SouthAfrica.com
Mpumalanga

Lydenburg

Located at the base of the Long Tom Pass on the banks of the Sterkspruit River in the Mpumalanga Province of South Africa, the charming town of Lydenburg is in the heart of some of the regions most beautiful scenery. Explore the hiking trails in the Gustav Klingbiel Nature Reserve just outside the town, enjoying the typical escarpment flora and fauna along the way. Take a drive along Long Tom Pass, one of South Africa’s highest tarred roads, stopping off at Devil's Knuckles to view a replica of the Long Tom gun used by the Boers against the British during the Anglo-Boer War of 1899-1902, and stop off at various look-out points along the way to marvel at the vistas below.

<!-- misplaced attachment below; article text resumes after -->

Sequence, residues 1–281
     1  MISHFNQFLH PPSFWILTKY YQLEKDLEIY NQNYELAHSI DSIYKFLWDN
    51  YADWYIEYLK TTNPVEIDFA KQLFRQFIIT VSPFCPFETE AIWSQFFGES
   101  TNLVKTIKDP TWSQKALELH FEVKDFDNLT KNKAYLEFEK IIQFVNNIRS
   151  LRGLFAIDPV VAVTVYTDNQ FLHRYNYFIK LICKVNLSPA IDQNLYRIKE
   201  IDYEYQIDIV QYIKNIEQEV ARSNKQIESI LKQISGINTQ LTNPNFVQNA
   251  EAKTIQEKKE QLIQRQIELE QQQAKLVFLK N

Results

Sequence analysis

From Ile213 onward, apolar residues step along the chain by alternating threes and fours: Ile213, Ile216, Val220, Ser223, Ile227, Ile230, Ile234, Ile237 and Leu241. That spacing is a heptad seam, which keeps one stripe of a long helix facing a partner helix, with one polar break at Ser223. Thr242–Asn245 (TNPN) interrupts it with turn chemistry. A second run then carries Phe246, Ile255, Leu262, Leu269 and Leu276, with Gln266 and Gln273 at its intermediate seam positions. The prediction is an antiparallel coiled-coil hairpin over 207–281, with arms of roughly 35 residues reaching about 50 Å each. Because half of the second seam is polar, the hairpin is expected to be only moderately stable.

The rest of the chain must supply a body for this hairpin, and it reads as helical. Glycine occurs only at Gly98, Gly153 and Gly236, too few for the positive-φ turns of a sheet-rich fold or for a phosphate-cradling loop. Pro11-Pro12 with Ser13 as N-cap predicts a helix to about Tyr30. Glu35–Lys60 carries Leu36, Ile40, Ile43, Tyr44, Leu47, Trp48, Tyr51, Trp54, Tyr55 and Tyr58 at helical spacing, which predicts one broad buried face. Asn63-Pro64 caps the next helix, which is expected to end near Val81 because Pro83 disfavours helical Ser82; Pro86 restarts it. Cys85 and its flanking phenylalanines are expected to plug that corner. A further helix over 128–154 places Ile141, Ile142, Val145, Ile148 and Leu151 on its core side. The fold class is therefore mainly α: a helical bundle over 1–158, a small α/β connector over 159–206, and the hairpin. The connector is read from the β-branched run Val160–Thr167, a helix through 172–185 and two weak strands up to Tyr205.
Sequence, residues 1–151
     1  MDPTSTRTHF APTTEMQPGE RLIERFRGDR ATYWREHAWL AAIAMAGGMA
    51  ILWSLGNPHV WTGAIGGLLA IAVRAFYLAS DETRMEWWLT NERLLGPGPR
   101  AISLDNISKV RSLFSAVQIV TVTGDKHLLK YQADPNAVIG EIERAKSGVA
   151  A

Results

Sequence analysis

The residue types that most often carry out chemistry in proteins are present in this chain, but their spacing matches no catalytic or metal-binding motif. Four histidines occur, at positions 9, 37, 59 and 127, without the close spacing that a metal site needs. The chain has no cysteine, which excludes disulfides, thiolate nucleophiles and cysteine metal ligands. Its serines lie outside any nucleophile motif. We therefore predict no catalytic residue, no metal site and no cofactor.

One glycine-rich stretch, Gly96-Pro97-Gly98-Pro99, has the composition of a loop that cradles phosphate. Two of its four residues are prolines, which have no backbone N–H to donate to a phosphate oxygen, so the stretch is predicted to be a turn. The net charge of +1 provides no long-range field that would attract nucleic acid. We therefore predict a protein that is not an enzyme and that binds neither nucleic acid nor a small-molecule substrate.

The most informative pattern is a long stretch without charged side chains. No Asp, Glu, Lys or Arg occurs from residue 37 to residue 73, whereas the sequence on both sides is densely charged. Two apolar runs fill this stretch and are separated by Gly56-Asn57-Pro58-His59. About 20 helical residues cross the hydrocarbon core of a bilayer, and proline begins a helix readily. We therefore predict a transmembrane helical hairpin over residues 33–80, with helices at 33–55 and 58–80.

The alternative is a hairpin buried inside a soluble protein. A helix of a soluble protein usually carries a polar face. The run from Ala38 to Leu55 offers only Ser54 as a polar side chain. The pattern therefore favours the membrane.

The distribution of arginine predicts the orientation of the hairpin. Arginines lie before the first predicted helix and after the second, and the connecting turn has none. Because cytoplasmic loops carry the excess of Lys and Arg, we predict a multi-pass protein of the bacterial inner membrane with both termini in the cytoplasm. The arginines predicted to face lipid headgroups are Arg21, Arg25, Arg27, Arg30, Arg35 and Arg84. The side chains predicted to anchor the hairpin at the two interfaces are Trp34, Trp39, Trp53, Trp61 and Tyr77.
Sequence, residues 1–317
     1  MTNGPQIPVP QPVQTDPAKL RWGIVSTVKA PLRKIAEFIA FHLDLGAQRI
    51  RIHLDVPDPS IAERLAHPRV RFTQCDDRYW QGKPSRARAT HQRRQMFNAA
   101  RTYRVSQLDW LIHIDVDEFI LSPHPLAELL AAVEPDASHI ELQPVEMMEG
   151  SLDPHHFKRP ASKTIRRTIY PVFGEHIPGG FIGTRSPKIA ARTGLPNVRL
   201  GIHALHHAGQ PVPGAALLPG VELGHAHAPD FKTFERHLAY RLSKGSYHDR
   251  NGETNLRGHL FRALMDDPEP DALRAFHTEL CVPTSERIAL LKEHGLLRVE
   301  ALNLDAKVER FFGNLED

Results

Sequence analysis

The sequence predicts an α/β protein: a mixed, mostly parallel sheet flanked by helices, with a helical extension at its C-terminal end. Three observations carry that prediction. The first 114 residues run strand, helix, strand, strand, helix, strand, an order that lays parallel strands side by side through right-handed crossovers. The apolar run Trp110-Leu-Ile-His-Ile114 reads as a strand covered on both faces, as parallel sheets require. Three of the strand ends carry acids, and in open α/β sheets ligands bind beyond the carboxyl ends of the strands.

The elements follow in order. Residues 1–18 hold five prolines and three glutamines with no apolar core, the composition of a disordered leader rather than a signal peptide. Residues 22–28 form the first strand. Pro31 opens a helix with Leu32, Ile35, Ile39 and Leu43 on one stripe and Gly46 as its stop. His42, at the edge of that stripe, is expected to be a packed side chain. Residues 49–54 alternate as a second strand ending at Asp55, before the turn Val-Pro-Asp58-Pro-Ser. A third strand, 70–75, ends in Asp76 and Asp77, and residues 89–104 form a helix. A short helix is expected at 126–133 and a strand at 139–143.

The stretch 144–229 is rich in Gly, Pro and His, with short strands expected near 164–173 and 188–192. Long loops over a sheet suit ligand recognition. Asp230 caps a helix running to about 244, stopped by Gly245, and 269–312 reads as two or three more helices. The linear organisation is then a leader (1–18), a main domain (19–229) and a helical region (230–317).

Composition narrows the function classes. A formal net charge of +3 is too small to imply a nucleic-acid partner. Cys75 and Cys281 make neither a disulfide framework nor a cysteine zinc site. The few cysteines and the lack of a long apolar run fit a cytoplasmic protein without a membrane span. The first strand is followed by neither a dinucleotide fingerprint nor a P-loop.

To the north of Lydenburg is the spectacular waterfall named after the town. Made up of three separate waterfalls cascading into one another, the Lydenburg Waterfall is not only beautiful, but useful as well, as it generates hydro electric power. Also north of the town is the historical Steenkamp Bridge, opened in June 1897 and remaining in use until 1965, this bridge played an important role in the Anglo-Boer War and was declared a national monument in 1973.

Lydenburg was founded in 1849 by a group of Dutch Voortrekkers (pioneers) led by Andries Potgieter. This group of intrepid travelers fled from their previous settlement at Ohrigstad after many in their party had been stricken with malaria, and as an indication of what they had been through they named their new settlement Lydenburg, being Dutch for “town of suffering”. Today, Lydenburg welcomes visitors to enjoy its natural beauty, rich history and warm hospitality.